HOW I BECAME THE ACTUAL SINGER OF A FICTIONAL BAND and other existential quandaries (Pt 2) 

It was soon clear to me that Ben and I had grown up on the same authors, TV shows, cartoons and probably even had (or were) the same bullies.

Throughout all our correspondence Ben has never once failed to get my pop culture references; that's important to those of my generation, a subset of people that can communicate by reciting naught but lines from commercial jingles, contextual clues and Seinfeld quotes.

Case in point, when I wrote Ben to suggest releasing a Harmeggedon record, I likened it to my second favorite story arc in the great Bloom County comic strip (my first being the death of Bill The Cat and his subsequent resurrection by the cloning of his tongue).

 I explained that in 1986, Bloom County author Berkley Breathed solicited fan made songs for Bill the Cat and Opus’s punk metal band “Billy and the Boingers” and had his two favorite submissions printed on a thin vinyl sheet record that could play on a turntable to be included in the next published compilation of the daily strips (all Herculean tasks back then).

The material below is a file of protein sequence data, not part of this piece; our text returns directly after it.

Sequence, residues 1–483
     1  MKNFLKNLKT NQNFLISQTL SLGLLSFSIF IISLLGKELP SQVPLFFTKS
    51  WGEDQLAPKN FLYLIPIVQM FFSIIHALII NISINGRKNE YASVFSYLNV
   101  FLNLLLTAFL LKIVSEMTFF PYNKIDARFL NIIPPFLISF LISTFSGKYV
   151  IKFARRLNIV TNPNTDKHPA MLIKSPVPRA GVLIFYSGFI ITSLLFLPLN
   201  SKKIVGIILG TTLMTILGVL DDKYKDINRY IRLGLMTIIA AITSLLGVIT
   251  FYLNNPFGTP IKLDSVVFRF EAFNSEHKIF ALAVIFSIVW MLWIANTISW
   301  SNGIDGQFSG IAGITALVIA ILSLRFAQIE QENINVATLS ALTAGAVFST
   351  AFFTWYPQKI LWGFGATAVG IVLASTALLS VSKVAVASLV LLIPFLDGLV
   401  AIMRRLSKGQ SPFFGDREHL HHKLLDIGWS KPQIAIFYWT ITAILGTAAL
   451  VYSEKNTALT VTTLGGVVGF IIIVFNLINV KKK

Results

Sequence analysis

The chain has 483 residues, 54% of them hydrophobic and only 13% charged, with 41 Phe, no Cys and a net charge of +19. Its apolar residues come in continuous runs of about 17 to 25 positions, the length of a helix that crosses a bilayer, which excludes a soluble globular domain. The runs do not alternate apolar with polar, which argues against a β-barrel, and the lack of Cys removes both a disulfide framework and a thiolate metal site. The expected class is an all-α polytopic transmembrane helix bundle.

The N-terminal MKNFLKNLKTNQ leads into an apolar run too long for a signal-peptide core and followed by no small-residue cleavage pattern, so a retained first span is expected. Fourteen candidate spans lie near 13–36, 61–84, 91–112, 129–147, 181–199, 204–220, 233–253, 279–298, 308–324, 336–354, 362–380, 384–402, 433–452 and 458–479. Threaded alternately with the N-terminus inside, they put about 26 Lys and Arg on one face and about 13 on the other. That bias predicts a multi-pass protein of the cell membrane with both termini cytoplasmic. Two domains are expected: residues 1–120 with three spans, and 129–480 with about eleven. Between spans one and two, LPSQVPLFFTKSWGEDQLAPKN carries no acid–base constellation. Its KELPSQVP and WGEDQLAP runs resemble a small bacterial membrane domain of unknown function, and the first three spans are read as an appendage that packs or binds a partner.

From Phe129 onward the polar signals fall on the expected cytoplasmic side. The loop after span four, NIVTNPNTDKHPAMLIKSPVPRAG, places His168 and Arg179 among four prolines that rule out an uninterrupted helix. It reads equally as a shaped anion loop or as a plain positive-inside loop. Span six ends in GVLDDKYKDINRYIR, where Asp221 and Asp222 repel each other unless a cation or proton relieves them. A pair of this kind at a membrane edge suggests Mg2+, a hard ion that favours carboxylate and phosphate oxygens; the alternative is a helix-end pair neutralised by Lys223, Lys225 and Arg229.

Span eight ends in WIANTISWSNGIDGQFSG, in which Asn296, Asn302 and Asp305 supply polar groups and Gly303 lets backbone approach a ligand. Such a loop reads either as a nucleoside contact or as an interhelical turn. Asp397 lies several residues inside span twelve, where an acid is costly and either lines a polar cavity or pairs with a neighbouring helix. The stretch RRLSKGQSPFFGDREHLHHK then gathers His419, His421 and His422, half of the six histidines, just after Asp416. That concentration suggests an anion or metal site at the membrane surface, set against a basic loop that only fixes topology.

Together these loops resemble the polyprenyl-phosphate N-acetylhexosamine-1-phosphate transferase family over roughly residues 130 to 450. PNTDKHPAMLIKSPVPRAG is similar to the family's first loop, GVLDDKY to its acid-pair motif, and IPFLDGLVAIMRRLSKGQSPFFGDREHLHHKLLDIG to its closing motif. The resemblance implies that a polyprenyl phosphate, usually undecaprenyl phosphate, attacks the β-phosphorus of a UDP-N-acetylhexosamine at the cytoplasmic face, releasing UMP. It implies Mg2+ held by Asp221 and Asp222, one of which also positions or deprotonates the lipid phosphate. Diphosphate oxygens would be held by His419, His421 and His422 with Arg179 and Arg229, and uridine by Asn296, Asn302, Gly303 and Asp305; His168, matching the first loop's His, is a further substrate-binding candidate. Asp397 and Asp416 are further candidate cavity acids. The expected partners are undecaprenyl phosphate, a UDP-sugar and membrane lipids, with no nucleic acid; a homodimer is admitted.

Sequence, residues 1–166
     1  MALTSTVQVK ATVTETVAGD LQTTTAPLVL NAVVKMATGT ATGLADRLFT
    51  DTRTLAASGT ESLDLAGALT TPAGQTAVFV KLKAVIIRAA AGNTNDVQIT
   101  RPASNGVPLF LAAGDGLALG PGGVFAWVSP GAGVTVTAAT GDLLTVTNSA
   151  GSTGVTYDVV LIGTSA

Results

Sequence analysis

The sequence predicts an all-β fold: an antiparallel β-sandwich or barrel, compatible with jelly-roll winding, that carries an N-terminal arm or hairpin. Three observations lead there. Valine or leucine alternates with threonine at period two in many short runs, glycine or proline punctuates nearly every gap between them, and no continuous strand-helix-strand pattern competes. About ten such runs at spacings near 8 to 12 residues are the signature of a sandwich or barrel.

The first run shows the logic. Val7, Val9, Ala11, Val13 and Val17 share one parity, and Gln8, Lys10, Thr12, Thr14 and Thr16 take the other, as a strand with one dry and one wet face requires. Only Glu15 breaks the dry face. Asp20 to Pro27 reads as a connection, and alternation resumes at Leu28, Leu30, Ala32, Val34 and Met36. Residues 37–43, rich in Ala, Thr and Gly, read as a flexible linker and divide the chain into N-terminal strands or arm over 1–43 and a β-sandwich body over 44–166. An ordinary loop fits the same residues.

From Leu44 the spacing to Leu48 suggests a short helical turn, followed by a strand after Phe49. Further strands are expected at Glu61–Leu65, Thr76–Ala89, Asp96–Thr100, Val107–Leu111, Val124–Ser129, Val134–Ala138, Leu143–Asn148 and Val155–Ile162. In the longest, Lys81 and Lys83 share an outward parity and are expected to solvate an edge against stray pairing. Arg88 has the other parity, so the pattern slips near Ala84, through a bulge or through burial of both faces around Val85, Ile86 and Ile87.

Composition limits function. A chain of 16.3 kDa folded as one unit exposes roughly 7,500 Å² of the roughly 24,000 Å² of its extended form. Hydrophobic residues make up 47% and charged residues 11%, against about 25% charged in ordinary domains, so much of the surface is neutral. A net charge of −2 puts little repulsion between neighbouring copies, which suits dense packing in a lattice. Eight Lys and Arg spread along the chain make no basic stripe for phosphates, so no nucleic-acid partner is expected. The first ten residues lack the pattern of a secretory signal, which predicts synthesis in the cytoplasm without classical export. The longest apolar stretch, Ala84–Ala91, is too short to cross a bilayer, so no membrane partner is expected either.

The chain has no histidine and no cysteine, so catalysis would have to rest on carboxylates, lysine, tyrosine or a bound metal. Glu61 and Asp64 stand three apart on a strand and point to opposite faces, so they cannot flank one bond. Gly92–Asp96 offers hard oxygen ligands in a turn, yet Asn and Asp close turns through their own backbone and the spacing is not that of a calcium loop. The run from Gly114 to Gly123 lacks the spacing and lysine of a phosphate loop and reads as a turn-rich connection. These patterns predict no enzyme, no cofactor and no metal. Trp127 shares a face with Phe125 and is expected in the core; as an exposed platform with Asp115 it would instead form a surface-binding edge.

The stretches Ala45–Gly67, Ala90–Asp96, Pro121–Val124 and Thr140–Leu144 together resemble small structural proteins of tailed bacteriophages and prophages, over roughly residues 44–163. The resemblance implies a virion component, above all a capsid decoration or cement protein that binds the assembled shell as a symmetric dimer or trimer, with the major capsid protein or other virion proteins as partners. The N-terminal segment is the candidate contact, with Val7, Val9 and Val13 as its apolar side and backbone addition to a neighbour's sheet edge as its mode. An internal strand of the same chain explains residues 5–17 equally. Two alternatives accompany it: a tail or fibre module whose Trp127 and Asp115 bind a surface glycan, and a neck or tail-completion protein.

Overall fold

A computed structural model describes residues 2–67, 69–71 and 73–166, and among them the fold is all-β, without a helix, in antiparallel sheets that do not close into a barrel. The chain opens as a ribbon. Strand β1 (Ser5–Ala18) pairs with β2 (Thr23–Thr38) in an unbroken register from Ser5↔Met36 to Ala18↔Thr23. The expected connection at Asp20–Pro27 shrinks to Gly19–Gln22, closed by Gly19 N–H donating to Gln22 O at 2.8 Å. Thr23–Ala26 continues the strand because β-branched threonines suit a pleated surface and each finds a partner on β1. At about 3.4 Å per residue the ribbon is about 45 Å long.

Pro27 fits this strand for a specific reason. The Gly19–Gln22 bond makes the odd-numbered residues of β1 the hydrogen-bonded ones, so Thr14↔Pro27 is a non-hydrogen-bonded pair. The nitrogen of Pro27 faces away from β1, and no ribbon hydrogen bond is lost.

To my surprise and delight, not only did Ben know what I was talking about, he actually owned the book and had played the record! I had found a kindred spirit.
"Not that there's anything wrong with that.."

HOW I BECAME THE ACTUAL SINGER OF A FICTIONAL BAND and other existential quandaries (Pt 1)  

Years ago, I inadvertently subscribed to something called “Kindle Unlimited”. If you don’t know, it’s a subscription content provider for the E-reader that allows you to sift through and check out millions of included books, several of which are quite good. 
I’m an avid reader and moderate obsessive compulsive, and this app allowed me to borrow books without the horror of revisiting my actual library. Conceptually, I adore libraries but haven’t been to one in person since my enjoyment of Dean Koontz’s newly minted thriller “Frenzy” hit midbook roadblocks, both figurative and literal, in the form of an enormous nasal excretion cementing the middle pages together. That booger forever buggered communal books for me, a visceral reminder of man’s inhumanity to his fellow man and that yes, every physical copy is inevitably a bathroom copy.                          

Anyhow, that’s where I discovered Benjamin Wallace’s books.